This binder sits under the phone when I'm at home and goes in my personal carry on bag when I travel.
I have a wallet card that states all my medical info is in a 3 ring binder and where it should be located.
I recommend that everyone (not just PWP's) should consider organizing similar databases. Ya never know when it just might be very handy...
If you're ever rushed to the emergency room, unconscious or unable to speak clearly, what would you like the medical team to know about you? Having Parkinson’s rarely sends you to the hospital, but it does tend to complicate your care.
Your neurologist may not be at the hospital; the attending doctors and busy nursing staff may not be knowledgeable or have had much experience with people who have Parkinson’s. To help avoid a bad experience, plan ahead and allow the doctors and nurses to make faster and more accurate medical decisions by having all the information they need readily available. If they are unfamiliar with Parkinson’s, there is also the possibility your symptoms could be misinterpreted and you could be labeled an “uncooperative” patient or you might get additional blankets for a chill when you are really shaking from a tremor. In order to avoid these possibilities, have a card in your wallet that tells where someone can find comprehensive emergency-hospital information.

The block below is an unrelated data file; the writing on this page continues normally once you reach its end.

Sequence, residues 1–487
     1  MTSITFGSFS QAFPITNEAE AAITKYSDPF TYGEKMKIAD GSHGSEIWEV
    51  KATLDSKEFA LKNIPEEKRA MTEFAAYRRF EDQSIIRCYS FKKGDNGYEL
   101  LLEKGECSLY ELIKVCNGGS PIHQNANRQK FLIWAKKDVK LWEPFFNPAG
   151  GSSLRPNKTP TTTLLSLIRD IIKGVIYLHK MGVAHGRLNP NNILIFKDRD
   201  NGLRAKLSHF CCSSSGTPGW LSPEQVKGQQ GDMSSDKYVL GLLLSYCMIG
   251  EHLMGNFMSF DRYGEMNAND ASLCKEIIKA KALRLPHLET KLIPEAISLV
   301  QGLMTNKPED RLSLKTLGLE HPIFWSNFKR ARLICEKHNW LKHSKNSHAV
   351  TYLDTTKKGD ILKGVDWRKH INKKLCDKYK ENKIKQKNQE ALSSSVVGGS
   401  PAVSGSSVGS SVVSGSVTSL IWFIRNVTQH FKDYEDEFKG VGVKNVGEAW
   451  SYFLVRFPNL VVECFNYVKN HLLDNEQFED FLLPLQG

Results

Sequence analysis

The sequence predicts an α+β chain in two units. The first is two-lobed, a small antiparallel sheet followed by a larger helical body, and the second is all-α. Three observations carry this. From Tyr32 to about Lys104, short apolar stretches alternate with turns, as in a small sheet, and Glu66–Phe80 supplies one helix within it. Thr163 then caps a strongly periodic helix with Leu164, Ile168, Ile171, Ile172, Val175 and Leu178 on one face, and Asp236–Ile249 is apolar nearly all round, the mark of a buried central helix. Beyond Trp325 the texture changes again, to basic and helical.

Get a three ring binder and include additional data from the following suggestions.
Click here for printable form
INFORMATION FOR MEDICAL CARE AND ASSESSMENT
My full name is ______________________________________
Insurance Info: __________________________________
Social Security No. ______________________
Date of Birth: _________________
I was diagnosed with Parkinson’s disease in ________. (year)
It is important to have a neurologist/doctor familiar with my condition.
Family doctor: ____________________ Phone: ________
Neurologist: _________________________ Phone: ________
Other:_____________________________ Phone: ________
Blood type: ___________
I must be given my medication promptly at the times specified. If this is not possible, consult my admitting physician for authorization to administer my own medication or alternatively, have it administered by my CareGiver. The timing of my medication is very important to help my “off” times. Following are all prescription and over-the-counter drugs I currently take.
Possible Side Effects: nausea, dizziness, mental changes, confusion, hallucinations, involuntary movements, loss of appetite, dryness of mouth, lowered blood pressure.